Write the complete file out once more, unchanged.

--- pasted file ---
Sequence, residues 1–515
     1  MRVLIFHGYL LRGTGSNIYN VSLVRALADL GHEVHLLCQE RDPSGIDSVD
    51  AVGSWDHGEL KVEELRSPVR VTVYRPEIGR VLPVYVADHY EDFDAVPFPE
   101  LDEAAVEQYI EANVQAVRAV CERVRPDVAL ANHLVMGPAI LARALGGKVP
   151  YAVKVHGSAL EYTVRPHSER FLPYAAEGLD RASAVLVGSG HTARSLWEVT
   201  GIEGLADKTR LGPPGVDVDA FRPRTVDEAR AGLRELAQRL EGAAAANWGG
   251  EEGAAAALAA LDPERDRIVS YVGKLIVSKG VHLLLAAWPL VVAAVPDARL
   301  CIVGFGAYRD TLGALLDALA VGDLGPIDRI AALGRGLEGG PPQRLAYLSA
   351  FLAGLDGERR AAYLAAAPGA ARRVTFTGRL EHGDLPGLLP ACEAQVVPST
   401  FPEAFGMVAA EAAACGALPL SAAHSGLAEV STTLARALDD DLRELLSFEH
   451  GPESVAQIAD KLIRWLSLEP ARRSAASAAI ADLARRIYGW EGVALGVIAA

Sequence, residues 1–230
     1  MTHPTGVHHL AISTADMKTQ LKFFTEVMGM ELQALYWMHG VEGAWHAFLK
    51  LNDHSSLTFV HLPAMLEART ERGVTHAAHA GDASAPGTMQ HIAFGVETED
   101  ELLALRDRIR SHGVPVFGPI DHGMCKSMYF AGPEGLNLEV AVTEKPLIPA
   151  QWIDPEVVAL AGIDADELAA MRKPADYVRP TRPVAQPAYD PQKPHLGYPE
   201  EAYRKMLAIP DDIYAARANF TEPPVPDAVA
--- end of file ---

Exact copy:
Sequence, residues 1–515
     1  MRVLIFHGYL LRGTGSNIYN VSLVRALADL GHEVHLLCQE RDPSGIDSVD
    51  AVGSWDHGEL KVEELRSPVR VTVYRPEIGR VLPVYVADHY EDFDAVPFPE
   101  LDEAAVEQYI EANVQAVRAV CERVRPDVAL ANHLVMGPAI LARALGGKVP
   151  YAVKVHGSAL EYTVRPHSER FLPYAAEGLD RASAVLVGSG HTARSLWEVT
   201  GIEGLADKTR LGPPGVDVDA FRPRTVDEAR AGLRELAQRL EGAAAANWGG
   251  EEGAAAALAA LDPERDRIVS YVGKLIVSKG VHLLLAAWPL VVAAVPDARL
   301  CIVGFGAYRD TLGALLDALA VGDLGPIDRI AALGRGLEGG PPQRLAYLSA
   351  FLAGLDGERR AAYLAAAPGA ARRVTFTGRL EHGDLPGLLP ACEAQVVPST
   401  FPEAFGMVAA EAAACGALPL SAAHSGLAEV STTLARALDD DLRELLSFEH
   451  GPESVAQIAD KLIRWLSLEP ARRSAASAAI ADLARRIYGW EGVALGVIAA

Sequence, residues 1–230
     1  MTHPTGVHHL AISTADMKTQ LKFFTEVMGM ELQALYWMHG VEGAWHAFLK
    51  LNDHSSLTFV HLPAMLEART ERGVTHAAHA GDASAPGTMQ HIAFGVETED
   101  ELLALRDRIR SHGVPVFGPI DHGMCKSMYF AGPEGLNLEV AVTEKPLIPA
   151  QWIDPEVVAL AGIDADELAA MRKPADYVRP TRPVAQPAYD PQKPHLGYPE
   201  EAYRKMLAIP DDIYAARANF TEPPVPDAVA